[85]Trastuzumab (pretargeting agent)Cobalt bis(dicarbollide) anion [3,3′-Co(C2B9H11)2]40 nm/195 µg/mg/-In vivo: BT-474 breast cancer cells; in vivo: BT-474 breast cancer-bearing immunocompromised NOD/SCID mice
[86] Undecahydro-closo-dodecaborate (B12H12)29 nm/0.307 µg B/mg of gold/-In vivo: MCF-7 human mammary adenocarcinoma cells; in vivo: U87 glioma-bearing male SCID mice
Silica NPs
[87] B64 nm/42%/-
[88]RGD-KB90 nm/-/-In vivo: ALTS1C1 cells; in vivo: ALTS1C1-bearing miceIn vivo on cells: cell viability; ex vivo and in vivo on mice: tumor growth and mouse survival
[89]Amino-galactoside ligandsO-carborane-/445–539 µg/mg/-In vivo: HepG2 liver cancer cellsIn vivo on cells: colony formation
[90]Activatable cell penetrating peptideBSH200 nm/1.27%/-In vivo: ALDH+ cancer stem cells sorted from CH-2879 chondrosarcoma cells; in vivo: BALB/c nu/nu male miceIn vivo on cells: DNA damage and clonogenic survival
[91]cRGD targeting pancreatic tumor sites overexpressing integrin receptorsO-carborane136 nm/141.5 mg/g/-In vivo: PANC-1 (human) and Panc-2 (mouse) cells; in vivo: female C57BL/6 mice
[92] BPA170 nm/2.5%/-In vivo: OVCAR8 ovarian cancer cells, A549 lung cancer cells, FaDu head and neck cancer cells; animal model: CAM (chorioallantoic membrane) model transfected with human OVCAR8 ovarian cancer cells
[93]pH-(low)-insertion peptideBoric acid -/190 μg/g/-In vivo: B16−F10 mouse melanoma and WEHI 164 mouse fibrosarcoma cells; ex vivo, in vivo: WEHI 164 tumor-bearing miceIn vivo on cells: cell viability; ex vivo and in vivo on mice: tumor growth
Boron Carbide NPs and Quantum Dots
[94,95]TAT peptide 284–459 nm/-/-In vivo: B16 F10 mouse melanoma cells, B16-OVA cells; ex vivo, in vivo: B16-OVA-bearing C57BL/6J mice
[96]Transferrin 279 nm/-/-In vivo: HeLa human cervical carcinoma and normal rat kidney epithelial cells; ex vivo: tumor-bearing mice
[97]Human immunoglobulin G 80 nm/-/-In vivo: MC38 murine colon carcinoma and RAW 264.7 murine macrophages
[98] 7 nm/-/-In vivo: embryonic kidney HEK-293 cells, HeLa cervical cancer cells and human breast adenocarcinoma MCF-7 cells
[99]Pretargeting with trans-cyclooctene modified trastuzumab 7 nm/3.8%/-In vivo: human BT-474 breast cancer cells; ex vivo, in vivo: BT-474 xenografted female NOD.CB17-Prkdcscid/J mice
Polymeric NPs and Micelles
[100]ACUPA (PSMA-targeting)O-carborane150–165 nm/1.86%/-In vivo: PC3-flu and PC3-pip prostatic adenocarcinoma cells; ex vivo, in vivo: PC3-flu and PC3-pip xenografted male athymic mice
[101,102] 1,2-bis(4-vinylbenzyl)-closo-carborane85 nm/0.26%/3.1%In vivo: colon-26 cells; ex vivo, in vivo: colon-26 tumor-bearing BALB/c mice
[103] Decaborane108 nm/9.9%/60.0%Ex vivo: female Sprague−Dawley rats and U14 tumor-bearing female KM miceEx vivo and in vivo on U14 tumor-bearing female KM mice: tumor growth and mouse body weight
[104]Tumor penetrating RGD peptide BSH25 nm/3.81%/-In vivo: A549 human lung cancer cells, B16−F10 mouse melanoma cells, C6 rat glioma cells, 4T1 mouse breast cancer cells and HeLa cervical cancer cells; ex vivo: A549 tumor-bearing BALB/c nude mice and B16F10 tumor-bearing mice
[105] BSH36 nm/-/-In vivo: C26 mouse colorectal carcinoma and human aortic endothelial cells; ex vivo: C26 tumor-bearing BALB/c miceEx vivo and in vivo on C26 tumor-bearing BALB/c mice: tumor growth and mouse body weight
[106,107] O-carborane100–150 nm/4.8–5.6%/-In vivo: B16 melanoma cells; ex vivo: B16 melanoma-bearing mice
[108] BPA145 nm/-/> 95%In vivo: U87MG human glioblastoma cellsIn vivo on CR-39 detectors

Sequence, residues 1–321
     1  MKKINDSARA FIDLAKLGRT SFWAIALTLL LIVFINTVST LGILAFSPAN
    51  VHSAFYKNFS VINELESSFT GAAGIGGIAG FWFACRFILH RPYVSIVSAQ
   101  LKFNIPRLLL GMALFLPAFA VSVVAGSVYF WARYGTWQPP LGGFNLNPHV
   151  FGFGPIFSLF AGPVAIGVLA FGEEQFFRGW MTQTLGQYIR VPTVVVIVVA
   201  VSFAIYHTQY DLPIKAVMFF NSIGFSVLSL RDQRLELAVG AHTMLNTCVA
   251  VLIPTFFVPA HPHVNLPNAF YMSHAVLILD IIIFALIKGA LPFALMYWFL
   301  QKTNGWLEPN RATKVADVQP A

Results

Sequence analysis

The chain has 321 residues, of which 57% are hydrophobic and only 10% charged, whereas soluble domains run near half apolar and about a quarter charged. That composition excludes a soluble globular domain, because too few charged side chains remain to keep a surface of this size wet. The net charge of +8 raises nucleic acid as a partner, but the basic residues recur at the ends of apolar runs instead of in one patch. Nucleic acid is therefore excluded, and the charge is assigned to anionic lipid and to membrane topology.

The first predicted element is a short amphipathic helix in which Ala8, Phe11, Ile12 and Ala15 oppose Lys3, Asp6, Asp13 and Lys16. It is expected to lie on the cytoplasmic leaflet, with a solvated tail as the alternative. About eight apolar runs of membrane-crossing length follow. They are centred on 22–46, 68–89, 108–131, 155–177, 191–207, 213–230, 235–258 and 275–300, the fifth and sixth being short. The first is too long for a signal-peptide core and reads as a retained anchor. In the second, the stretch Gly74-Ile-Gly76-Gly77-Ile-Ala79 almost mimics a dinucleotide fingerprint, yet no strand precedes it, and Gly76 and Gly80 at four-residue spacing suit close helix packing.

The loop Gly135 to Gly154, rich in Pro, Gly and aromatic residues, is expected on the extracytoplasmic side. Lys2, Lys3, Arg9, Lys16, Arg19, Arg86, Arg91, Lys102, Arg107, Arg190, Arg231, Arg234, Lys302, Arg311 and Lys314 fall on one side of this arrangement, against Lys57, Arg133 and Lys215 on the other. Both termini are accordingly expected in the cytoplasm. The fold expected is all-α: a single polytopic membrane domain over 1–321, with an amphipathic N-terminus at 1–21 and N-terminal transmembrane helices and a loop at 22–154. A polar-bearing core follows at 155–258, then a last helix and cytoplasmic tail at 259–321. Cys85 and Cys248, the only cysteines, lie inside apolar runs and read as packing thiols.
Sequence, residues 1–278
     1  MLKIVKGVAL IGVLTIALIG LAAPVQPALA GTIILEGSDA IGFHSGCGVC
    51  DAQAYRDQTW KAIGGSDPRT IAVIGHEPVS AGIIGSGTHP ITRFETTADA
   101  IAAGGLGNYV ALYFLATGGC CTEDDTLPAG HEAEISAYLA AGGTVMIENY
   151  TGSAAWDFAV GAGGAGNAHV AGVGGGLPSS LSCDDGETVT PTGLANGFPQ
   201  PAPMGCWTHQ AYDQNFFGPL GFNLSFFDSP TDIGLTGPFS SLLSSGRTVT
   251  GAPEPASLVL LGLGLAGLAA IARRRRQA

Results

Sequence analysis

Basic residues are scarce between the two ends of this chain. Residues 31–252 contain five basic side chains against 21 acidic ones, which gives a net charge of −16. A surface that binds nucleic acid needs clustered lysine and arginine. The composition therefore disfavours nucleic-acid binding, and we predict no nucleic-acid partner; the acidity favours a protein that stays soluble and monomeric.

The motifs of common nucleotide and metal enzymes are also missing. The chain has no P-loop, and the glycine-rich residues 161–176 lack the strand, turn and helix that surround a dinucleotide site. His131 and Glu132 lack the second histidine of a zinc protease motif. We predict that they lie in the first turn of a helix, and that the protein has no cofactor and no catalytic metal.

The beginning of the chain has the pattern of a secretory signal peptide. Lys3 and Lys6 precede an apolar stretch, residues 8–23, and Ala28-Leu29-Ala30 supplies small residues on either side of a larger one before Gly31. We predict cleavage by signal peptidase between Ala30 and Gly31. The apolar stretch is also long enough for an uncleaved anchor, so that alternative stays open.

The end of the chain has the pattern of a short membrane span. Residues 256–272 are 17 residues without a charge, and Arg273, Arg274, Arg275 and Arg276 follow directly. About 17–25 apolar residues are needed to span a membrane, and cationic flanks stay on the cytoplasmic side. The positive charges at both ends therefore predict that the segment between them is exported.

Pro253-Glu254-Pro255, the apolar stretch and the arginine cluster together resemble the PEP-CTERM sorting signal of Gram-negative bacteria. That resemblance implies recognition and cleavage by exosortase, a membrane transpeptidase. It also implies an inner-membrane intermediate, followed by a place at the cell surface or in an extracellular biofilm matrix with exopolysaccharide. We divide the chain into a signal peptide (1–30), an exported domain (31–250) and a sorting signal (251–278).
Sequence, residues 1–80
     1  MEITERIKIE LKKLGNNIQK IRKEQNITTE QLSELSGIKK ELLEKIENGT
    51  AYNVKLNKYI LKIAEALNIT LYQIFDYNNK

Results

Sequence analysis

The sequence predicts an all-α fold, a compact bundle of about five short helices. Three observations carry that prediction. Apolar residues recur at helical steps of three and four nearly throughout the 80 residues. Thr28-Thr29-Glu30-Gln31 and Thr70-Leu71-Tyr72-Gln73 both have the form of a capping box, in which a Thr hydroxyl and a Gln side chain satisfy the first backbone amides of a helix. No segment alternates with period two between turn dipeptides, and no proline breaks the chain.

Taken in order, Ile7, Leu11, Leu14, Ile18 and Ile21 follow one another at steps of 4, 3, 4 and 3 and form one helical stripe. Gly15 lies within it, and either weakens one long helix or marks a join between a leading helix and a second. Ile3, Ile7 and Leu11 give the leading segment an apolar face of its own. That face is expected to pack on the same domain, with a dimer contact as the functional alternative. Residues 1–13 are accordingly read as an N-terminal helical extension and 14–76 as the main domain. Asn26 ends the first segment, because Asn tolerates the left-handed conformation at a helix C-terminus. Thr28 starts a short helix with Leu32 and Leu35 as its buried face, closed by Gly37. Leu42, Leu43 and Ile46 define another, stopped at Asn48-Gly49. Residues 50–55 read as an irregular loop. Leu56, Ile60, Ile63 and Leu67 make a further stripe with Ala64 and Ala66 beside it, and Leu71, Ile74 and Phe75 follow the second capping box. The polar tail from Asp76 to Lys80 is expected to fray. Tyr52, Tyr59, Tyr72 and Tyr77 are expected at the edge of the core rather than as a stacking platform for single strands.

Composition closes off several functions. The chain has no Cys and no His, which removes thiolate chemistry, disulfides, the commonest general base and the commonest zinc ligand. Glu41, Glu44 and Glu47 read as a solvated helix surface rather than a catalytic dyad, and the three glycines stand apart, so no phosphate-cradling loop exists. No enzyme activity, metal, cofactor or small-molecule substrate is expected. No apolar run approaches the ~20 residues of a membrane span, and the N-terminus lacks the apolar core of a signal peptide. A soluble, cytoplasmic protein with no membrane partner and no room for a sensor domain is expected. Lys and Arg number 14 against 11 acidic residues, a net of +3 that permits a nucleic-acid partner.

[109] Tetraboronated porphyrin 100 nm/-/-In vivo: mouse melanoma B16-F10 and 4T1 mouse breast cancer cells; ex vivo, in vivo: B16-F10 tumor-bearing C57BL/6 mice and 4T1 tumor-bearing BALB/c miceEx vivo and in vivo on B16−F10 tumor-bearing mice
[110] Carborane110 nm/11.38%/-In vivo: 4T1 mouse breast cancer cells; ex vivo, in vivo: 4T1 tumor-bearing miceIn vivo on 4T1 tumor-bearing mice
[111]GalactoseCarborane135 nm/3%/-In vivo: CAL27 oral adenosquamous carcinoma, U251 glioma and HepG2 hepatocellular carcinoma cellsIn vivo on HepG2 cells: apoptosis rate
[112] Carborane-containing arene ruthenium complex19 nm/-/-In vivo: A2780 and A2780 cisplatin-resistant human ovarian cancer cellsIn vivo on A2780 and A2780cisR cells: cell viability
[113] Dodecaborate13–15 nm/-/-In vivo: U87 human glioblastoma, HeLa cervical cancer and Jurkat cells
Other NPs
[114]Folic acidBoron oxide20–50 nm/8% mol B/NP/-In vivo: HeLa cervical cancer cellsIn vivo on HeLa cells: cell viability
[115]Folic acid 255 nm/9.8%/-In vivo: erythrocytes and platelets from human plasma specimens, MO7e human megakaryoblastic leukemia cells, DHD colon carcinoma cells, UMR osteosarcoma cells
[116] 5 nm/30% of boron atoms/NP/-In vivo: on ALTS1C1 mouse astrocytesIn vivo on cells: cell viability
[117] Phenyl-10B-boronic acid53–67 nm/2%/-In vivo: CT26 murine colon tumor cells; ex vivo, in vivo: CT26 tumor-bearing BALB/c miceIn vivo on mice: tumor growth and body weight
Exosomes and Biomimetic Vesicles
[118] Boron-containing carbon dots97 nm/17.90%/85.24%In vivo: MDA-MB-231 human breast cancer, U251 glioma and HepG2 hepatocellular carcinoma cells; ex vivo, in vivo: BALB/c nude mice, U-87 glioma-bearing miceIn vivo on mice: tumor growth and body weight
[119] 146 nm/-/-In vivo: HEK 293 human embryonic kidney and HeLa cervical cancer cells; ex vivo: female Kunming mice
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Ailuno, G.; Balboni, A.; Caviglioli, G.; Lai, F.; Barbieri, F.; Dellacasagrande, I.; Florio, T.; Baldassari, S. Boron Vehiculating Nanosystems for Neutron Capture Therapy in Cancer Treatment. Cells 2022, 11, 4029.

AMA Style

Ailuno G, Balboni A, Caviglioli G, Lai F, Barbieri F, Dellacasagrande I, Florio T, Baldassari S. Boron Vehiculating Nanosystems for Neutron Capture Therapy in Cancer Treatment. Cells. 2022; 11(24):4029.

Chicago/Turabian Style

Ailuno, Giorgia, Alice Balboni, Gabriele Caviglioli, Francesco Lai, Federica Barbieri, Irene Dellacasagrande, Tullio Florio, and Sara Baldassari. 2022. "Boron Vehiculating Nanosystems for Neutron Capture Therapy in Cancer Treatment" Cells 11, no. 24: 4029.